The John W Inzer Museum
The John W. Inzer Museum, Inc.
229 5th Street
One block south of the Courthouse on Hwy 231
Home of Lt.Col. and Judge John Washington Inzer
The home of John W. Inzer and his descendants is a Greek revival antebellum home built by Moses Dean in 1852. The home was acquired by John W. Inzer in 1866 and was occupied by the Inzer family from 1866 to 1987. In July 1987 the home and its contents, including Judge Inzer's extensive law library were deeded by the family heirs to St. Clair Camp 308, Sons of Confederate Veterans, to become a museum in honor of Lt. Col. & Judge John Washington Inzer. The Museum is maintained for educational purposes and public awareness of John W. Inzer's contributions to the Confederate States of America, the State of Alabama, St. Clair County and the Town of Ashville.
The Museum was incorporated in December 1988 as a non-profit corporation under the laws of the State of Alabama and has been under restoration since that time.
John Washington Inzer was born January 9th, 1834 in Gwinnett County, Georgia. The family left Georgia in 1853, moving to Eden in St. Clair County, Alabama. In 1854 John Inzer began his study of law and was admitted to the bar in 1855. In 1856 he moved to Ashville to practice law. In 1859, John W. Inzer was licensed to practice law before the Alabama Supreme Court and was appointed Probate Judge of St. Clair County in that year. In 1861 he was elected to represent St. Clair County at Alabama’s Secession Convention being the youngest man to do so.
In 1862, he joined the Confederate Army as a private and rose to rank of Lt. Col. in the 58th Alabama Infantry Regiment. Lt. Col. Inzer fought in the battles of Corinth, Shiloh, Chickamauga and Missionary Ridge where he was captured and made a POW at Johnson’s Island, Ohio from 1863 to 1865. After Chickamauga, Col. Bushrod Jones wrote of Lt. Col. Inzer's conspicuous bravery, his causing his men to charge with enthusiasm, and of his gallantry on the battle’s second day, which according to Col. Jones exceeded that of the first day. There was not a more gallant and courageous officer in the Confederate Army.
John W. Inzer was appointed Probate Judge by occupying Union Forces in July 1865. He was elected to that office in 1866, which is the same year he acquired the Moses Dean Home. He was elected to the State Senate, in 1874 and 1890. In 1877 he was appointed as Trustee of Howard College which later became Samford University. From 1878 to 1900 he was Trustee of the Alabama Insane Hospital in Tuscaloosa. In 1907 he was appointed Judge of the 16th Judicial Circuit and re-elected to that same office in 1908.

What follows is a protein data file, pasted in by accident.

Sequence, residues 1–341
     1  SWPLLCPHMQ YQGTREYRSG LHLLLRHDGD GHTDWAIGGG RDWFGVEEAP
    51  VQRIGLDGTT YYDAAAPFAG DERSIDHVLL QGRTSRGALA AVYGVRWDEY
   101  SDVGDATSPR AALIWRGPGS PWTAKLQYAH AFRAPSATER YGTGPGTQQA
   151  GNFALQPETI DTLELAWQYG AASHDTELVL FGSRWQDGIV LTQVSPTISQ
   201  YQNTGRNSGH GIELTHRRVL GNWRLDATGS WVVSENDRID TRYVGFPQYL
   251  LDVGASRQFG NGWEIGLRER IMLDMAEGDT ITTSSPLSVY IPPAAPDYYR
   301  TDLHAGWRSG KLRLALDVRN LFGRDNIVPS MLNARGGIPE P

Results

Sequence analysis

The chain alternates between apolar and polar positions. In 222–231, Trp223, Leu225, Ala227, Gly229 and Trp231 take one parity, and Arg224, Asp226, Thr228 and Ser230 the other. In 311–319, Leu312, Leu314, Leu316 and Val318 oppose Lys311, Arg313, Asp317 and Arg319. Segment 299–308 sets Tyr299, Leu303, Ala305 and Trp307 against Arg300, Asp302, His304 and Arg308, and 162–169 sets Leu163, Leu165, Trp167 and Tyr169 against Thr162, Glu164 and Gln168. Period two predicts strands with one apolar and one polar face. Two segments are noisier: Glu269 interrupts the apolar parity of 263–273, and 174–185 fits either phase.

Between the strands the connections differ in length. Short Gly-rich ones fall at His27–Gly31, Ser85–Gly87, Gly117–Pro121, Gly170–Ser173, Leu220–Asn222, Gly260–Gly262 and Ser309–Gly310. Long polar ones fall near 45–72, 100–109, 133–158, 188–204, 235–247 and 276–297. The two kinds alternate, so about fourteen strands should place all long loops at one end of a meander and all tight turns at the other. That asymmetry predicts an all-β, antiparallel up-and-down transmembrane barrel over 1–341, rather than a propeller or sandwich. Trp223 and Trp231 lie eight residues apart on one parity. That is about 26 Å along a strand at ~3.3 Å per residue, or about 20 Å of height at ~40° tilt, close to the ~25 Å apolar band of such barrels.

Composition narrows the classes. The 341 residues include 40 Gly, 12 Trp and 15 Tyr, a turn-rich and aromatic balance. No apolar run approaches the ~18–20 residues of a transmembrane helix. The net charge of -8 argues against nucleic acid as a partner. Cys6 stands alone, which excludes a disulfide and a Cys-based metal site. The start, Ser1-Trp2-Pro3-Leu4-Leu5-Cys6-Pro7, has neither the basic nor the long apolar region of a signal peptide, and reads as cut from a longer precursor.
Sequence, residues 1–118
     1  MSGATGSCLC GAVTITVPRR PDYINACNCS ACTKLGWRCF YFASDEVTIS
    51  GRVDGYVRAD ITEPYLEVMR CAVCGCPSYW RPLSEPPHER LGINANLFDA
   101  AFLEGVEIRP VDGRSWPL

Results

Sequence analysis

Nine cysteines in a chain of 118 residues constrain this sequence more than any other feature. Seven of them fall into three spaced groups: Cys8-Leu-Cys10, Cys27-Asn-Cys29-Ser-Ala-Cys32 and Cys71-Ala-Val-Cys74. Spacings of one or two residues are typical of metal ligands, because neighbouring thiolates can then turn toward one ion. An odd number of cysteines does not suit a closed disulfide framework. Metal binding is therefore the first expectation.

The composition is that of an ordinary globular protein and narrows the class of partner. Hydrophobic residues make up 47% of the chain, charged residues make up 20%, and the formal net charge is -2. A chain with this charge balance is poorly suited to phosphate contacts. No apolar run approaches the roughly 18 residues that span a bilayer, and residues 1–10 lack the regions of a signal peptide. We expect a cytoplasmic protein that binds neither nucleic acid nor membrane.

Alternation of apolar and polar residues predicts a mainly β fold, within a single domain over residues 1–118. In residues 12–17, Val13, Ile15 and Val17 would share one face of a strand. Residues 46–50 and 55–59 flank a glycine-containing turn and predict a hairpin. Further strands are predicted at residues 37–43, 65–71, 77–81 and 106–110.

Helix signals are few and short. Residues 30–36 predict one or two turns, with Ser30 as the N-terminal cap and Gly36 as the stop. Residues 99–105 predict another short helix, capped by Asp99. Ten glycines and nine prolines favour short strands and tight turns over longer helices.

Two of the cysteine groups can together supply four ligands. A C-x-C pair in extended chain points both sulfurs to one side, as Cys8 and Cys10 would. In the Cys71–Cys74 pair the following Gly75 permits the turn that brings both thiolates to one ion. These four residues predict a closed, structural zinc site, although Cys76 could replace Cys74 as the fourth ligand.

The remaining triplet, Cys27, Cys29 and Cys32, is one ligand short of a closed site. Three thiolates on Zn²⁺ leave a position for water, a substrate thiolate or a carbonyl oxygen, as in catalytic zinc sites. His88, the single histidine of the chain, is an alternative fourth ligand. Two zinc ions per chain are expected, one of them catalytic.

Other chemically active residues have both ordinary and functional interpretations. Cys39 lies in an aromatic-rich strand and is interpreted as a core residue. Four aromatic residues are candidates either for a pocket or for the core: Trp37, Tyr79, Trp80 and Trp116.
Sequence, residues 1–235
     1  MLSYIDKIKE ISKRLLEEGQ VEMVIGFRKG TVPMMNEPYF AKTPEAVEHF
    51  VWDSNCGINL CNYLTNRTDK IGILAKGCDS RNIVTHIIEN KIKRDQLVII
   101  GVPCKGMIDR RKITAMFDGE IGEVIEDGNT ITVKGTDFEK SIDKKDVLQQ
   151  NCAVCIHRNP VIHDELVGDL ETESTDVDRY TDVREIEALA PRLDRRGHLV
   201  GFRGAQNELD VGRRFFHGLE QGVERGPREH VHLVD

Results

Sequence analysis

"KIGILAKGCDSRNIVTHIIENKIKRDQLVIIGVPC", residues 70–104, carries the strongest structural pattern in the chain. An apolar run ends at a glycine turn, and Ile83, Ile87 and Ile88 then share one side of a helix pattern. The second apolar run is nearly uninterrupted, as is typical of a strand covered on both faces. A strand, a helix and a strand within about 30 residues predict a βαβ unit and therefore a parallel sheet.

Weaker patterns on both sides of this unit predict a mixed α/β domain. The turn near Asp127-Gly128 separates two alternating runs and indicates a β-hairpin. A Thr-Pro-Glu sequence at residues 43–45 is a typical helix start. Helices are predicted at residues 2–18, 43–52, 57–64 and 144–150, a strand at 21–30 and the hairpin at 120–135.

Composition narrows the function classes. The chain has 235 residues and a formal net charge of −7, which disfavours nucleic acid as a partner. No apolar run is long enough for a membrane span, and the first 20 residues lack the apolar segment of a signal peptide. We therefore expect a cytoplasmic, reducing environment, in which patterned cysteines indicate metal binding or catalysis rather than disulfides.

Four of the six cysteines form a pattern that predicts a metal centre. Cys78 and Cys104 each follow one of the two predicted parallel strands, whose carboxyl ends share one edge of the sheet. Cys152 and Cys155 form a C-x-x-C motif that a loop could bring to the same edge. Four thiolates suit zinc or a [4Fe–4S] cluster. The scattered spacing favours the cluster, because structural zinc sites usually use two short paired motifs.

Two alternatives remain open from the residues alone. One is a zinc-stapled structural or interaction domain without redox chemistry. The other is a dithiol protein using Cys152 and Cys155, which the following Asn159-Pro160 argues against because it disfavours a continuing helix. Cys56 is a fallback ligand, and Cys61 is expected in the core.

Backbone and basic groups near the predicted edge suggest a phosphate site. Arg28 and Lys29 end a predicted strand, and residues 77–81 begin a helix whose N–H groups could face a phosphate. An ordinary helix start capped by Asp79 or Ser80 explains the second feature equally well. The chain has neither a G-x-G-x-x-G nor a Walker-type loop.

John Washington Inzer died January 2nd, 1928 at the age of 93. He was the last surviving member of the Alabama Secession convention. He was known throughout Alabama as "Alabama's Grand Old Man." He is buried in the Ashville Cemetery along with his wife and several relatives.
We, the members of St. Clair Camp 308 with the support of Ashville Chapter 1488, United Daughters of the Confederacy are working diligently to restore and maintain John W. Inzer's home and making it into one of the finest Museums of that period. The Museum is governed by a Board of Directors made up of St. Clair Camp 308 and Ashville Chapter 1488 UDC Members.
Members of St. Clair Camp 308 and the Ashville Chapter 1488 meet monthly on the third Thursday, 6:30 PM, at the Museum.
Presently the Museum is open by appointment by calling the St. Clair County Tourism Office at 205-594-2116 or William Watkins at 205-594-4509.
Board of Directors
Jeannette Taylor, Vice Chairman-Email firstname.lastname@example.org
William E Watkins, President- Email email@example.com
Sandra Rankin, Secretary
Edward V Gunter, Treasurer
Thelma Watkins, Member
David M Murphree, Member
Gary "Stan" Robertson, Member
Ernie Pyle, Member
Tommy Vaughn, Member
"I believe the people of my county will stand by the action of the State in her sovereign capacity; and I am in hopes that Alabama will go on with her great work to independence and prosperity. I told the people of St. Clair, [Mr. Inzer's county,] while canvassing the county, that I was in favor of coöperation; but said, if Alabama should secede separate and alone, I would go with her and stand by her in every peril, even to the cannon's mouth; and I now repeat it, I am for Alabama under any and all circumstances."
John W. Inzer, Secession speech, Montgomery, Alabama 1861.
Congratulations to Compatriot Ben Hestley on receiving the Roy Swayze Historical Preservation Award for his tireless efforts restoring the John W Inzer Museum
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